A frustrated former big-city journalist now stuck working for an Albuquerque newspaper exploits a story about a man trapped in a cave to rekindle his career, but the situation quickly escalates into an out-of-control circus.
After a lavish dinner party, the guests find themselves mysteriously unable to leave the room... and over the next few days all the elaborate pretenses and facades that they've built up by virtue of their position in society collapse completely as they become reduced to living like animals...Written by
Michael Brooke <email@example.com>
An opera based on this film, with music by Thomas Adès and a libretto by Tom Cairns, premiered at the 2016 Salzburg Festival in Austria. It opened in London at the Royal Opera House in Covent Garden in April 2017, and was subsequently produced in October 2017 at New York's Metropolitan Opera. The production made Metropolitan Opera history by requiring one of its stars, soprano Audrey Luna, to sing the highest note ever performed at the Met: an A above high C. See more »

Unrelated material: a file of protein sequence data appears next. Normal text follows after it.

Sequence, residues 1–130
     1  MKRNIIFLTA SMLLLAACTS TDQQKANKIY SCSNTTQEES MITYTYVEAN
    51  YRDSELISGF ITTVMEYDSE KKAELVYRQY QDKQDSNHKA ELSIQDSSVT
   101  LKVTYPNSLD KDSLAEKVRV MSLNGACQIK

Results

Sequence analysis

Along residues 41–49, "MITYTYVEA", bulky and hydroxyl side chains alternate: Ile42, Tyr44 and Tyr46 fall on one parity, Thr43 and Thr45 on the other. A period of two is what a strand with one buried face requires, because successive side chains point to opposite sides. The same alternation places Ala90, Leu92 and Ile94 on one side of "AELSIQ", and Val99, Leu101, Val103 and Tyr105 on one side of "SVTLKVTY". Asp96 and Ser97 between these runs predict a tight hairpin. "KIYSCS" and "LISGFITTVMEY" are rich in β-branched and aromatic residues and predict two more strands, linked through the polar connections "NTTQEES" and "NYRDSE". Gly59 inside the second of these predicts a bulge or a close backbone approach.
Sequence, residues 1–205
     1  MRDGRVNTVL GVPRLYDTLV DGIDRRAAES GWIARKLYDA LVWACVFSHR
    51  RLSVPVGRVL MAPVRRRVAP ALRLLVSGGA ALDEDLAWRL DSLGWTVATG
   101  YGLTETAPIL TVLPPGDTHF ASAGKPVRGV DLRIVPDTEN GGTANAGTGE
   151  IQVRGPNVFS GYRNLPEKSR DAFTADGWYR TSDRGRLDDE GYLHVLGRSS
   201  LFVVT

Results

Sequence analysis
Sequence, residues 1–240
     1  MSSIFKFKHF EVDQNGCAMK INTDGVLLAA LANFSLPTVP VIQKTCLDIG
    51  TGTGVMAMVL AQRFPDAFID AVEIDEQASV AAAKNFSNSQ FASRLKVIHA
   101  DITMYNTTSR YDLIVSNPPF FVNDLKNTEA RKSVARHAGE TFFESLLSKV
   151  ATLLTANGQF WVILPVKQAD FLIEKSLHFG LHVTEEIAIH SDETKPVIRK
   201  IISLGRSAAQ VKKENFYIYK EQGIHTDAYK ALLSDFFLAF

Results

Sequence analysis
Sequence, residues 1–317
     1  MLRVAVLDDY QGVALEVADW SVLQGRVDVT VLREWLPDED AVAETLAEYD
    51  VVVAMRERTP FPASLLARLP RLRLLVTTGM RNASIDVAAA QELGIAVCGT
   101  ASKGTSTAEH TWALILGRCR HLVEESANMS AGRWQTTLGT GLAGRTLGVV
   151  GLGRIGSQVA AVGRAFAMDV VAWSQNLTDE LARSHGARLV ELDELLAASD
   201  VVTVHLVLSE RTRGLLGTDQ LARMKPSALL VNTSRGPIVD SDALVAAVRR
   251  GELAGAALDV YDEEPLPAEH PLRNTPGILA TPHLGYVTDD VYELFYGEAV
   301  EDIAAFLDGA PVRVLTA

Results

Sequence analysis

After one of the women exits an adjoining room, she seemingly details a surrealist toilet experience to the other women, upon which they detail theirs. If the adjoining room is truly a bathroom (which would make sense since there is no indication in the film of any hygiene problems related to urination or defecation), it should have been explained why the characters could not simply drink the water from the wash basin there and instead had to resort to breaking a pipe. See more »
I saw this film for the first time on TCM this week. It was really thought provoking. What fascinated me was that there were people in the room who had all sorts of skills to figure out the problem and become free, but did not. Another intriguing aspect was that nothing: marriage, love, death, children, jobs, or intelligence and logic was enough to solve the problem. The solution comes in a very interesting way and the least likely person. I hope you will watch and check it out. There was also a strong parallel between the catholic church and the people trapped in the room. I wondered if they were illustrating the socialist belief that 'religion is the opiate of the people.' The sheep were not eaten by the bear and all of these symbols were politically interesting. I have never written a review before and I hope I have not included any spoiler but this is a movie I would love to discuss over coffee: it is intelligent, mesmerizing, and a lesson for our time.
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